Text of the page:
Question

Prove that √3 is irrational. You may use the fact that n2 is divisible by 3 only if n is divisible by 3.

Prove by contradiction that there is not a smallest positive rational number.

Answer #1

Let

Assume that there exists some integers such that a and b have no common factors. This means the fraction is in lowest terms.

Squaring on both sides, we get

-------(1)

(1) shows that a^2 is divisible by 3 and so a is divisible by 3

Therefore, a = 3p ---(A)

where p is some integer

Now substitute a = 3p in (1), we get

From this it can be said that b^2 is divisible by 3 and so b is divisible by 3

So, b = 3q ---(B)

From (A) and (B) we see that a and b have common factor 3 which is a contradiction.

Hence we cannot write

So, √3 is irrational

Prove that (17)^(1/3) is irrational. You may use the fact that
if n^3 is divisible by 17 then n is divisible by 17

10. (a) Prove by contradiction that the sum of an irrational
number and a rational number must be irrational. (b) Prove that if
x is irrational, then −x is irrational. (c) Disprove: The sum of
any two positive irrational numbers is irrational

Prove that there is no positive integer n so that 25 < n2
< 36. Prove this by directly proving the negation. Your proof
must only use integers, inequalities and elementary logic. You may
use that inequalities are preserved by adding a number on both
sides, or by multiplying both sides by a positive number. You
cannot use the square root function. Do not write a proof by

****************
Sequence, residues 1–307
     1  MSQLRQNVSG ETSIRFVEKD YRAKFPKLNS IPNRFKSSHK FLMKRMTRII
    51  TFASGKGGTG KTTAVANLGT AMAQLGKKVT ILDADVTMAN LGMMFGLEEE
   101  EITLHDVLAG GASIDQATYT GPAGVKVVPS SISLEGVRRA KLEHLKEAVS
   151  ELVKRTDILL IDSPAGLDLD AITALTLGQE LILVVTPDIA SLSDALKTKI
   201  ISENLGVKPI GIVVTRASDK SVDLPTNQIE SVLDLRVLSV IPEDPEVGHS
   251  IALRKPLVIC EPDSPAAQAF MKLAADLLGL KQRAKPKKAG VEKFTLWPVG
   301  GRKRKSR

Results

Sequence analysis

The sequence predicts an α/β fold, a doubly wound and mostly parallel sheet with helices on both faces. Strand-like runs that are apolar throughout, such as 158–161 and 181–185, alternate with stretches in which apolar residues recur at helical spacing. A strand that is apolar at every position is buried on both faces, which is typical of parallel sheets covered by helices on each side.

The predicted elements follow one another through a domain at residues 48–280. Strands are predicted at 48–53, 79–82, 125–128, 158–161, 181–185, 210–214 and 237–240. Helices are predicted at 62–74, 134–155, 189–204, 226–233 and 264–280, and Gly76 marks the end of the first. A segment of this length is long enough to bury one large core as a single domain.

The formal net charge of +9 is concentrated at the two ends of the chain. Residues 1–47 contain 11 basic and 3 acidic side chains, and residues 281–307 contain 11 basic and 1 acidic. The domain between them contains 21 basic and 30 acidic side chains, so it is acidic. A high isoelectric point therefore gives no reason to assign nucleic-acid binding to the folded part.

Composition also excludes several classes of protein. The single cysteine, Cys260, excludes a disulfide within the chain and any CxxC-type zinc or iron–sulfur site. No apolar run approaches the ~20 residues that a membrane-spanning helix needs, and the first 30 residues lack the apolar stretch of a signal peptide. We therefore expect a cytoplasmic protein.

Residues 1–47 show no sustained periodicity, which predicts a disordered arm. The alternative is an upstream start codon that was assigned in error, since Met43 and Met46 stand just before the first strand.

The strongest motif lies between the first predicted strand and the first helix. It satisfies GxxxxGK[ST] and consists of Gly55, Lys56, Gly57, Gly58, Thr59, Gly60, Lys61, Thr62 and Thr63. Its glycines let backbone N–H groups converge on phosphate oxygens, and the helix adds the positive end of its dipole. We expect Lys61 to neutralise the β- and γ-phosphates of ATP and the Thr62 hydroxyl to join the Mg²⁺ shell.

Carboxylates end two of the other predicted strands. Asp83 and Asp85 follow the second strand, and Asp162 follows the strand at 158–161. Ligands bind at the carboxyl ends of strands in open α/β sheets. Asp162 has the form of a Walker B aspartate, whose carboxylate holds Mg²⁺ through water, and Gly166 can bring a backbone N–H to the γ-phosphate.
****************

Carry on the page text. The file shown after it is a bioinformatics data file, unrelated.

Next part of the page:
contradiction.

If you are given the fact that if m, n ∈ Z such that mn is
divisible by a prime number p, then m or n is divisible by p. How
do you use this to prove that for all n ∈ Z, √ n is rational if and
only if there exists m ∈ Z such that n = m^2?

Prove by contradiction that 5√ 2 is an irrational number. (Hint:
Dividing a rational number by another rational number yields a
rational number.)

: Prove by contradiction that 5√ 2 is an irrational number.
(Hint: Dividing a rational number by another rational number yields
a rational number.)

Irrational Numbers
(a) Prove that for every rational number µ > 0, there exists
an irrational number λ > 0 satisfying λ < µ.
(b) Prove that between every two distinct rational numbers there
is at least one irrational number. (Hint: You may find (a)
useful)

(1) Let x be a rational number and y be an irrational. Prove
that 2(y-x) is irrational
a) Briefly explain which proof method may be most appropriate to
prove this statement. For example either contradiction,
contraposition or direct proof
b) State how to start the proof and then complete the proof

In the style of the proof that square root of 2 is irrational,
prove that the square root of 3 is irrational. Remember, we used a
proof by contradiction. You may use the result of Part 1 as a
"Lemma" in your proof.

Ex 2. Prove by contradiction the following claims. In each proof
highlight what is the contradiction (i.e. identify the proposition
Q such that you have Q ∧ (∼Q)).
Claim 1: The sum of a rational number and an irrational number
is irrational. (Recall that x is said to be a rational number if
there exist integers a and b, with b 6= 0 such that x = a b ).
Claim 2: There is no smallest rational number strictly greater...

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